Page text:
The BCS Guru likes to predict the future with is upcoming BCS standings, so let me make a little prediction of my own.

One Month from now, this will be seen on the BCS Guru's BlogPoll Ballot: Iowa #9
"Yes Iowa is 12-0, but I'm still not convinced. I mean they have only beat Penn St. Wisconsin, Mich. St., Ohio St. on the road, and Arizona, Michican at home, Lets see if they can have a tougher schedule and be undefeated for a few years in a row, then I may move them up a few spots"

Dustin said...

Iowa's opponents combined record: 38-22. Only one Iowa opponent currently has a losing record (arkansas st.). No other team can claim anything close to that.

LAprGuy said...

One month from now, this will be seen on the BCS Guru's BlogPoll Ballot: Boise State #2
"Yes, their schedule isn't awe-inspiring, but they did beat Oregon at home, in a game where both teams looked like crap."

Anonymous said...

The Iowa situation is really interesting this year. On one hand, you have BCS Guru (and most human polls) saying that Iowa is roughly 8 or 9, whereas five of the six BCS computer models have Iowa at #1! That's a big difference.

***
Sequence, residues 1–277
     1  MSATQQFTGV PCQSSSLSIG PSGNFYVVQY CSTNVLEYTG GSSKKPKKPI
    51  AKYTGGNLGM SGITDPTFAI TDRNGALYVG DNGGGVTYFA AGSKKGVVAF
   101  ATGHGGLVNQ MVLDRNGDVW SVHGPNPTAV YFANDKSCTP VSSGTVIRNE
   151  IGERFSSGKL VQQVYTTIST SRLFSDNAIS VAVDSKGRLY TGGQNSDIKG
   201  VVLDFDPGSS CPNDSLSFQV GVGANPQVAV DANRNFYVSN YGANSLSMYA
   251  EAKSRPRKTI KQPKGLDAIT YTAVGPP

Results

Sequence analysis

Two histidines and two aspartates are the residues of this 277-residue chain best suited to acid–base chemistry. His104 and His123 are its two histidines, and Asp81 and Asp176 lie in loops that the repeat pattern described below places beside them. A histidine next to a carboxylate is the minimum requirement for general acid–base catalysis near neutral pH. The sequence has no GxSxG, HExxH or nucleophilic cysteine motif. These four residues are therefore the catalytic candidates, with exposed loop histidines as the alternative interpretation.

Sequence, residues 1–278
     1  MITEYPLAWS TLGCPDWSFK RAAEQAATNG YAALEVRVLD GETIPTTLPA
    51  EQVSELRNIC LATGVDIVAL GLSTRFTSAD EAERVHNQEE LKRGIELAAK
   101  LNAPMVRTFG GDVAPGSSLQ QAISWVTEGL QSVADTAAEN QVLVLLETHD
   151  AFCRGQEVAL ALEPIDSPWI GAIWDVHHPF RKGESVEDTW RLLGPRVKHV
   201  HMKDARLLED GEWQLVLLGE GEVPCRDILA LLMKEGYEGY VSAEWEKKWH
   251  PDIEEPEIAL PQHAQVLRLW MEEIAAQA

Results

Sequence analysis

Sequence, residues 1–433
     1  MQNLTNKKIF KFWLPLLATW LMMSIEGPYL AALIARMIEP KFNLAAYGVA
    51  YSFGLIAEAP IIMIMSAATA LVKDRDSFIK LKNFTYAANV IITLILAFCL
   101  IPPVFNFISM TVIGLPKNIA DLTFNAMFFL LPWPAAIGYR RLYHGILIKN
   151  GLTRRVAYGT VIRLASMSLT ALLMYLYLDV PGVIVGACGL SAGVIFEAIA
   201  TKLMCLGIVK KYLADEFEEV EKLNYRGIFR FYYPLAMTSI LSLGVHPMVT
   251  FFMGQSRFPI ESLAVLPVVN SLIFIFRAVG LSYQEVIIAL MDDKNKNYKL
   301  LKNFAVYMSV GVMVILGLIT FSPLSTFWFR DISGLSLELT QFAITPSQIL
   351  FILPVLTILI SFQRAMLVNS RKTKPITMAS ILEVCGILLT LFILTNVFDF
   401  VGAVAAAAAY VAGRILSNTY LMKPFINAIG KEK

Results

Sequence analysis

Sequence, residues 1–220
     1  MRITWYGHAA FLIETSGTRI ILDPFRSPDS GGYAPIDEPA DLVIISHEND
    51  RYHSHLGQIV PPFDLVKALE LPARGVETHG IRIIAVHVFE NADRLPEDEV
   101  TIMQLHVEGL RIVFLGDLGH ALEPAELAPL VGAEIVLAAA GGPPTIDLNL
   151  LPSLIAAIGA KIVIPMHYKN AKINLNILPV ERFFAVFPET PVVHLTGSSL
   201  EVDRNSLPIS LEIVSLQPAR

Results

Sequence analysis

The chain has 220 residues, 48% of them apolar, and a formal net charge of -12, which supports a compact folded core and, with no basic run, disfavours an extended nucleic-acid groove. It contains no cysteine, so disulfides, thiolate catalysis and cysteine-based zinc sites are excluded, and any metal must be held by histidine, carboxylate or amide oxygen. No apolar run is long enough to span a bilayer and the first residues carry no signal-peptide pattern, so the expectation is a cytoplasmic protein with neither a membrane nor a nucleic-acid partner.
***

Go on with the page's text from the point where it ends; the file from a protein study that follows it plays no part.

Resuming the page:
I think this is because the computer models are really measures of how much each team has accomplished so far, in hopes that past accomplishments are a good predictor of future performance. Iowa has accomplished a lot: as Dustin notes, only one of its opponents now has a losing record (compare to, say, Florida: four of their seven opponents have losing records). But the models by design can't take all information (i.e., margin of victory) into their measure of accomplishment, so they are blind to Iowa's "ugly" wins. Do ugly wins mean that the victor is not very good? I have no idea. At the least, however, I am skeptical of BCS Guru's argument that Iowa's resume is thin -- the computer models belie that argument. I suspect instead that style points are playing a huge role here, for better or for worse. The same goes for the AP, Harris, and USA Today polls.